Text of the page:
# Measures and Integrals: Eyes Must be Washed

*NOTE*: This article has been translated from Farsi using `llama3-70b-8192`

and `groq`

If you are a graduate student in technical or mathematical fields or have been before, you have certainly encountered integrals in the form of:

Especially if you delved into serious and new papers related to statistics and probability, which I am confident is the case.

The first time I encountered this type of integral was during my master’s studies in the Electrical Engineering department at Amir Kabir University. When I was reading papers by prominent figures like Thomas Kailath and Simon Haykin, these integrals seemed strange and fascinating to me. Honestly, my extreme enthusiasm for mathematics is evident from my writings; however, even if I didn’t have this enthusiasm, seeing these integrals would still spark my curiosity. In artificial intelligence, the good read “Statistical Learning Theory” by Vapnik also deals with these types of integrals.

Apparently, the new approach to dealing with integrals originated in the late 19th century through the work of French mathematician Émile Borel. The theory was later developed by another prominent French mathematician, Henri Lebesgue, which laid the foundations of mathematical analysis.

Leaving aside this brief history, the first thing I want to discuss is why we need to acquaint ourselves with new types of integrals when we are already familiar with Riemann and similar integrals and have learned them in high school and early university years?

The first answer is that it’s not necessary! Someone who is content with their current knowledge and explores other areas of interest can do so without getting entangled in these integrals. However, if, like me, you have encountered these integrals in your field of work or interests, the answer is that these new integrals have significantly improved mathematical analysis, revolutionized probability theory, and made it possible to study new subjects by creating more abstractions.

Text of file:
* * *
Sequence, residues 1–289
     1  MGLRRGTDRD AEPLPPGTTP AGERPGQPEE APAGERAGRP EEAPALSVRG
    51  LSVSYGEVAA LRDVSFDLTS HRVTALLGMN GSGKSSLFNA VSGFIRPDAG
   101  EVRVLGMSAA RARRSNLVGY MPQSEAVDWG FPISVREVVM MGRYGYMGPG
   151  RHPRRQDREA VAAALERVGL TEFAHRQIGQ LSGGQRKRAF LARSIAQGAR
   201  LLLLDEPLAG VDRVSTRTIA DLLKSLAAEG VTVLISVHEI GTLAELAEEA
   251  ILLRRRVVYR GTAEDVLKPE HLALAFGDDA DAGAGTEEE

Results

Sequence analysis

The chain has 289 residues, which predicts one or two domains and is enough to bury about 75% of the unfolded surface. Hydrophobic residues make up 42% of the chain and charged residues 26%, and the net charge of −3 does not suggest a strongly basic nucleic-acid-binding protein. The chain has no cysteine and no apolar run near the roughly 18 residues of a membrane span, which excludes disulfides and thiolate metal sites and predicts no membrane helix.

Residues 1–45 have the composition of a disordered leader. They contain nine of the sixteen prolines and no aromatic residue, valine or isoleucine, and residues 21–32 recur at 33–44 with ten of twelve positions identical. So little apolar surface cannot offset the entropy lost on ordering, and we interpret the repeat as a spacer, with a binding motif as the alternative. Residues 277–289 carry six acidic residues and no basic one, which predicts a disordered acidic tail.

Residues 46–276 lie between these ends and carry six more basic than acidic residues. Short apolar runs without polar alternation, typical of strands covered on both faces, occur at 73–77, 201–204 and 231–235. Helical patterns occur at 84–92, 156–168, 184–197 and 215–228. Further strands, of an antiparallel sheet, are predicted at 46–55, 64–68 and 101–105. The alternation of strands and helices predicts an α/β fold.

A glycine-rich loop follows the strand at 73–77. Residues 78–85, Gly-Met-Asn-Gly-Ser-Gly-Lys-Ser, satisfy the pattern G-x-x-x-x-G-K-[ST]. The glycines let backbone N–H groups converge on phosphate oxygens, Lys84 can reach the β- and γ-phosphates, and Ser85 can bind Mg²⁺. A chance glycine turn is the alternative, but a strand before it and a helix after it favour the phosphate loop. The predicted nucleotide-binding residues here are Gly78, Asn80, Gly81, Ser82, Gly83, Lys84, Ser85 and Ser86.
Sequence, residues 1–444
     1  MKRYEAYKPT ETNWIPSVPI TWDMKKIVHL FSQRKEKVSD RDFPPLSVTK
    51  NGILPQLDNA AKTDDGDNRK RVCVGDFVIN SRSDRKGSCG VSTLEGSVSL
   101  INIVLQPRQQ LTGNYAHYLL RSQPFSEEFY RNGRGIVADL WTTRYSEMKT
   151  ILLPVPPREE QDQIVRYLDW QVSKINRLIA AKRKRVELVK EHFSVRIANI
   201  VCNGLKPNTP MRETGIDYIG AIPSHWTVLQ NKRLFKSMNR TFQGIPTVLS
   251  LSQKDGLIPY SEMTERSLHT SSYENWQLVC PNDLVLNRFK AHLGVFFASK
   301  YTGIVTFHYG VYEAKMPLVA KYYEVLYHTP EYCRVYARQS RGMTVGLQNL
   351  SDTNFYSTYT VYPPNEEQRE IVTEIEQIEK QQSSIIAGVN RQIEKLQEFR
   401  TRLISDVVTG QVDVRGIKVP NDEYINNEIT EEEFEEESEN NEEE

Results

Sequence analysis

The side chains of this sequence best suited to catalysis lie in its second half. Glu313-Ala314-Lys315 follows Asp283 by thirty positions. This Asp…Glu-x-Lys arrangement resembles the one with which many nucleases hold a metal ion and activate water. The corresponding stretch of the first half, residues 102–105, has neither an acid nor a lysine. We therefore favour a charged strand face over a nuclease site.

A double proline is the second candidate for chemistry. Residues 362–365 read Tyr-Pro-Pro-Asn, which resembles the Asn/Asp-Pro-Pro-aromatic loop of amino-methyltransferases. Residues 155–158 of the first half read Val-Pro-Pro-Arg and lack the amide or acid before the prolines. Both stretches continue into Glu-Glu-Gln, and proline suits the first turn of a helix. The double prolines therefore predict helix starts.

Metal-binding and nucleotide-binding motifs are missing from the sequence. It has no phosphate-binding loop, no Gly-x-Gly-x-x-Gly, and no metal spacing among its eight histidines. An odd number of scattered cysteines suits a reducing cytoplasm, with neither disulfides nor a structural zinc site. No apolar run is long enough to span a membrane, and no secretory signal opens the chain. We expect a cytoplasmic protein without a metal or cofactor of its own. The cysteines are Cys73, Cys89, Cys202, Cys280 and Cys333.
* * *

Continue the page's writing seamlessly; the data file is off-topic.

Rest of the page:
It is clear that in a place like my blog, there I can not go for an in-depth examination of this subject. My intention is to partially open up the subject from a general perspective and motivate the relatively interested reader.

## Washing the Eyes

From high school, we remember that when we wanted to calculate the area under a curve specified by $f(x)$, we divided the domain into very small pieces and calculated the value of $f(x)$ at each piece, approximating the area of a small piece of area under the curve with a small rectangle.

The more fine-grained the divisions, the more the resulting value is close to the area under the curve. The limit of these approximations, when the number of rectangles becomes infinite, is the area under the curve:

However, this method has several problems. One issue is that the validity of this approximation only holds when the domain over which the integral is calculated is bounded. In practice, when calculating integrals over unbounded domains, we must recompute the limited integral calculation. Another issue arises when this unbounded domain is combined with another unbounded domain, such as when calculating a double integral $\int \int $, various technical problems emerge.